HD video cameras and the HD technology is gaining the upper hand in the industry. The prices of high definition video cameras may be higher than its standard counterparts but with each new hd model coming out, consumers are finding even more reasons to buy it anyway. You may wonder what makes an HD video camera different from the rest of the cameras out there. Don't worry! We'll get to that soon.
First, let's talk a little about how it all started. The History of HD Video Cameras The HDV (High Definition Video) format was developed by JVC, Sony Corporation, Canon Inc. and Sharp Corporation. The huge investors at that time were JVC and Sony. You may say that these four companies were the first companies that offered the consumers HD video cameras.
Nowadays, there are other companies that also make HDV hardware products, except Sharp. The first to release an HDV camcorder was JVC. Their first camcorder was the JVC GR-HD1. It allowed the user to use a standard DV or a HDV using the old 601 color space standard rather than the newer 709 standard.
And because of this, and other limitations of the camera, the GR-HD1 did not gain popularity as expected. JVC then shifted their HDV development to shoulder mounted cameras. On September 2004, Sony was able to release the second HDV camcorder in the market. It was the Sony HDR-FX1 camcorder. Even though it was the second HDV camcorder to be released, it was the first of its kind to gain widespread popularity.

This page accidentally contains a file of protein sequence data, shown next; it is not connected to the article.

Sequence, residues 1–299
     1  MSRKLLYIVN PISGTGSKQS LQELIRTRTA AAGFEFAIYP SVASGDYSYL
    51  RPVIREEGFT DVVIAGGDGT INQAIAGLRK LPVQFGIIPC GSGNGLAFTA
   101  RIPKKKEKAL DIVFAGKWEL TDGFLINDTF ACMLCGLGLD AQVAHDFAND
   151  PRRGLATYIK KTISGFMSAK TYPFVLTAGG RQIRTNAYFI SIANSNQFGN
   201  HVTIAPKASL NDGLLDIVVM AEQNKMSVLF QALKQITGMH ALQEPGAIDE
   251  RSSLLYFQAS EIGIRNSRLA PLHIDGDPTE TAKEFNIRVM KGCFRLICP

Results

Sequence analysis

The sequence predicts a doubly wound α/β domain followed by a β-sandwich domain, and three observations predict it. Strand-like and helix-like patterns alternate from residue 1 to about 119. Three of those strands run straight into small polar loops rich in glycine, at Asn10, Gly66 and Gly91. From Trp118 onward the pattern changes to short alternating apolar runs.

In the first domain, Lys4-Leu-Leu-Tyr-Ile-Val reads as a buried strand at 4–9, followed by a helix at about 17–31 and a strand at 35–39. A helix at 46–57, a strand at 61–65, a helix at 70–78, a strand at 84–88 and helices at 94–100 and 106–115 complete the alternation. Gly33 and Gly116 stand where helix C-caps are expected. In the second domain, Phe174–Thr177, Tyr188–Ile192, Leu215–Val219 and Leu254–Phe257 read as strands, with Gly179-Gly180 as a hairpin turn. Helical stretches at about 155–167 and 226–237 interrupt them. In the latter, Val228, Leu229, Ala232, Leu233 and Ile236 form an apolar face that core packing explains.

What happened after is history. Canon released a number of models in the market that were said to be for both consumers and prosumers. Their popular models are Canon XLH1, XHA1, XHG1, HV10, and HV20.
In 2007, nearly each manufacturer had 1 consumer HD camcorder. The leading manufacturers were Sony, Canon, Panasonic and JVC. Sony is currently in the lead because of its wide selection of models to choose from. Canon, Panasonic and JVC on the other hand may known be in the lead but are manufacturing multiple models for both consumers and professionals. However, the best HDV camcorder for the year 2007 in relation to performance must be awarded to Canon and then followed by Sony. Canon's HV20 model allowed the manufacturing company to take the top spot in HDV camcorder manufacturing.
Editing Your HDV HDV uses MPEG2 compression to fit HD content onto the same DV or Mini DV tapes. In this sense, they are somewhat difficult to edit. Splicing HDV for example, will distort the video at splice points because of the interdependencies between groups of video frames. There's more. Editing HDV files also forces the computer system to work harder to perform simple tasks of cutting and splicing since the frames in the video do not actually exist as independent cells. So some frames may have to be rebuilt.
Since there are advantages to editing HD videos by using a Lossless Intermediate, there's nothing to worry about this editing issue then. The result is that the file will increase and you will need a bigger storage for your videos in your hard drive. Despite its disadvantages and limits, HD Video Cameras are still the most widely used cameras for independent video productions. They can be used for professionals or consumers who are interested in making films, and other non-studio applications like news, and documentaries.
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